The roots of the O'Finnand surname in Ireland
are somewhat unclear; it seems that the name was both native Irish Gaelic, and Norman. The Gaelic name "ó Fionnáin" seems to be derived from Gaelic word "fionn, "which means "fair." This Gaelic name has been Anglicized as Finan and Fanning, both of which are also Norman names that came to Ireland
in the 12th century.
Early Origins of the O'Finnand family
The surname O'Finnand was first found in County Mayo
(Irish: Maigh Eo) located on the West coast of the Republic of Ireland
in the province of Connacht
, where they were of the Hy Fiachrach Sept. One notable bearer of the personal name
who lived several centuries prior to the introduction of hereditary surnames
was St. Finan (Finan of Lindisfarne) who died in 661 AD, and achieved repute for his missionary work in England
. He was Bishop of Lindisfarne (651-661) and he converted the kings Sigebert of Essex
and Peada of the Middle Angles to Christianity.
Early History of the O'Finnand family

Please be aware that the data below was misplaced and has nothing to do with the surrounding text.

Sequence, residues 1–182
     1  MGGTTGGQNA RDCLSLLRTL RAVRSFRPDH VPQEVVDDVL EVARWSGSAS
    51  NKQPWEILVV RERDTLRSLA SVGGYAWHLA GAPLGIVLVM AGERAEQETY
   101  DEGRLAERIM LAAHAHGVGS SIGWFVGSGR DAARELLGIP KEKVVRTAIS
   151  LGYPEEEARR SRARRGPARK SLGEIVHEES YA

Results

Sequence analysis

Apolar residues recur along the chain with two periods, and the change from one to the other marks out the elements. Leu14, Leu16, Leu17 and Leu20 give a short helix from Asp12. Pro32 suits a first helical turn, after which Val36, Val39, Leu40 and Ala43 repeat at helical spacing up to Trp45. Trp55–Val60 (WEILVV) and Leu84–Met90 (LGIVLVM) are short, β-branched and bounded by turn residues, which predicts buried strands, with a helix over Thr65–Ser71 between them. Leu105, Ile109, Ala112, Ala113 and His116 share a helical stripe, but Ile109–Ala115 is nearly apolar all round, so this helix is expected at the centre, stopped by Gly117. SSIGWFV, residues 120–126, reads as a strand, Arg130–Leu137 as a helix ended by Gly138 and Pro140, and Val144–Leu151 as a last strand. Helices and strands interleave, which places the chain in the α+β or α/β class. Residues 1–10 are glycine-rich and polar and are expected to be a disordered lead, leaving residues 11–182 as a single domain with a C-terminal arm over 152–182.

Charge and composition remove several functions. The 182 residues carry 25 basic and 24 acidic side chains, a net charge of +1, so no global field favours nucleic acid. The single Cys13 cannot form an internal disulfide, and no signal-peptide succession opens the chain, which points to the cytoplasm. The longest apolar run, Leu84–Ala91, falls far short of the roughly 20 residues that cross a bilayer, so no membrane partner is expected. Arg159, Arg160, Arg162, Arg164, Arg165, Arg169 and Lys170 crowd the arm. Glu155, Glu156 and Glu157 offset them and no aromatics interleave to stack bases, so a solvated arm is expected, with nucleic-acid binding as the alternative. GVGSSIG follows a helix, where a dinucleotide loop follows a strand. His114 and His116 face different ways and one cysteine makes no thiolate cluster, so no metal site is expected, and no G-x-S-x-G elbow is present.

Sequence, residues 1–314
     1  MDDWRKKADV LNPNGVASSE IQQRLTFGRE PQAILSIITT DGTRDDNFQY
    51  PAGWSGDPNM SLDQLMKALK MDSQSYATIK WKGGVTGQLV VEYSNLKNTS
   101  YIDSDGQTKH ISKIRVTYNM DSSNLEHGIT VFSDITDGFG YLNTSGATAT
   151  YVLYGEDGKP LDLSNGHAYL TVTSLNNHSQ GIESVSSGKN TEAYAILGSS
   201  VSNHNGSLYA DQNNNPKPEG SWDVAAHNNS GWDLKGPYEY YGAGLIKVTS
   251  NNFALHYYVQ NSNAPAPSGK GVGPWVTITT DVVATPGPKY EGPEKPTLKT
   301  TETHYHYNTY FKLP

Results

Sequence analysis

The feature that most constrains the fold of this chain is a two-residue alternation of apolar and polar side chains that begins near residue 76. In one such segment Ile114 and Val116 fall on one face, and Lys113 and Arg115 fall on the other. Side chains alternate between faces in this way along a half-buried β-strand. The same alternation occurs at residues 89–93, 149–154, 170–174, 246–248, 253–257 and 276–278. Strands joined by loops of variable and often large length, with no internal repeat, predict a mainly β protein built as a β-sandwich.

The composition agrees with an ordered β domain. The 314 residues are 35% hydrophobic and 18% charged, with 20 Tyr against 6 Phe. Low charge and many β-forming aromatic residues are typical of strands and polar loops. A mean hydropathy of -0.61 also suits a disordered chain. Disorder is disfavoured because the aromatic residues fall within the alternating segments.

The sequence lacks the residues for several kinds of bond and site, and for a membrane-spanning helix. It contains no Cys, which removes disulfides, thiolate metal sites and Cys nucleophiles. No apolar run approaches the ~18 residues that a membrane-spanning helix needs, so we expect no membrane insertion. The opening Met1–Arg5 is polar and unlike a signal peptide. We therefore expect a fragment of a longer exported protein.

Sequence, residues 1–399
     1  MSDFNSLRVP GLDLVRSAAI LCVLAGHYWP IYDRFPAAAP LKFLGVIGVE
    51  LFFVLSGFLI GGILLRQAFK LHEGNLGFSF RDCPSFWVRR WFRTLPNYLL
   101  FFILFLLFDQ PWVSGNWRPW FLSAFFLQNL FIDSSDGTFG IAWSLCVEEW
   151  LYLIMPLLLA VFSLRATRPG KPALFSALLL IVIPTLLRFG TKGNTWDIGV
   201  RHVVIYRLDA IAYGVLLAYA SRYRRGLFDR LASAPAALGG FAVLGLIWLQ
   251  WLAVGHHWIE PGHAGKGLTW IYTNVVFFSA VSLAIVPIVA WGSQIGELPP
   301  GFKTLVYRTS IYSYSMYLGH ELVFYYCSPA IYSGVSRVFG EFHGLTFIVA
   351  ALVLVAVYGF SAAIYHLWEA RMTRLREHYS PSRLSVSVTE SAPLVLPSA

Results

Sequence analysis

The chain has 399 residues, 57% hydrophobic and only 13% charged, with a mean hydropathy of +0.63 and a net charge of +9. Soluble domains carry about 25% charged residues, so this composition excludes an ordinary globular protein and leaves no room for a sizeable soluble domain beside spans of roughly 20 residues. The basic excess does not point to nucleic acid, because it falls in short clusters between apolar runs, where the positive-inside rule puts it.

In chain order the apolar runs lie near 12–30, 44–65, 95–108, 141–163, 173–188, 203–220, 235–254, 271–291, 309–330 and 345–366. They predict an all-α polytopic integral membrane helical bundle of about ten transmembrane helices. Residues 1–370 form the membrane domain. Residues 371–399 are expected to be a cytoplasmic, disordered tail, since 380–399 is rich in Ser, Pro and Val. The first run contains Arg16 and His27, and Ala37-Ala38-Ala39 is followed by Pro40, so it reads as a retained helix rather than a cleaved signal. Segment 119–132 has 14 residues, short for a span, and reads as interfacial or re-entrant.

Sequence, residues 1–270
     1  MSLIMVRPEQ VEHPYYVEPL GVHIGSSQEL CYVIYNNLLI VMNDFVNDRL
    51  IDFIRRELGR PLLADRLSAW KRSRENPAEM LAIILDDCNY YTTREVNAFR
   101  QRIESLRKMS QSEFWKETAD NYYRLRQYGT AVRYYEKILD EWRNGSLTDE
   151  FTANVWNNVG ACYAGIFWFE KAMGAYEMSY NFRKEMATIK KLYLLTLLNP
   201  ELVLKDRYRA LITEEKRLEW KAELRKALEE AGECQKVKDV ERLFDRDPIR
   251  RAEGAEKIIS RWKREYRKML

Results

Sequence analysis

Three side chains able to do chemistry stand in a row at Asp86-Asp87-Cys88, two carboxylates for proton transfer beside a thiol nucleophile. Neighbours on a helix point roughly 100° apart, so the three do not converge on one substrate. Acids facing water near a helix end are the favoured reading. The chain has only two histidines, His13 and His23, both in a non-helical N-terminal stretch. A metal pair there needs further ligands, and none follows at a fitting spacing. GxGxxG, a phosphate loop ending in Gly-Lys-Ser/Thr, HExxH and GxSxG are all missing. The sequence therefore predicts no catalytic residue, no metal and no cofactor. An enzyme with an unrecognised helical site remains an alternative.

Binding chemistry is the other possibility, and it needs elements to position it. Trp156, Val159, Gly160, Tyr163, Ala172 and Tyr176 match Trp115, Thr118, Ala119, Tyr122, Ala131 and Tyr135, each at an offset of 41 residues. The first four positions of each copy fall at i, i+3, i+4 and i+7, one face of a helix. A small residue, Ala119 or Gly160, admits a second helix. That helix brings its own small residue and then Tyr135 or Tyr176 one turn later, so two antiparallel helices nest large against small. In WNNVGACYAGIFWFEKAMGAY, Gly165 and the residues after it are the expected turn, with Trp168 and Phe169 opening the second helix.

This web page shows only a small excerpt of our O'Finnand research.Another 125 words (9 lines of text) covering the years 1659, 1901 and 1847 are included under the topic Early O'Finnand History in all our PDF Extended History products and printed products wherever possible.
O'Finnand Spelling Variations
Early Notables of the O'Finnand family (pre 1700)
Another 20 words (1 lines of text) are included under the topic Early O'Finnand Notables in all our PDF Extended History products and printed products wherever possible.
Migration of the O'Finnand family to the New World and Oceana
Some of the first settlers of this family name or some of its variants were: George Finnan, on record in Ontario, Canada in 1804; James Finan, who came to Ontario in 1818; Patrick Finan, who was naturalized in New York city in 1833.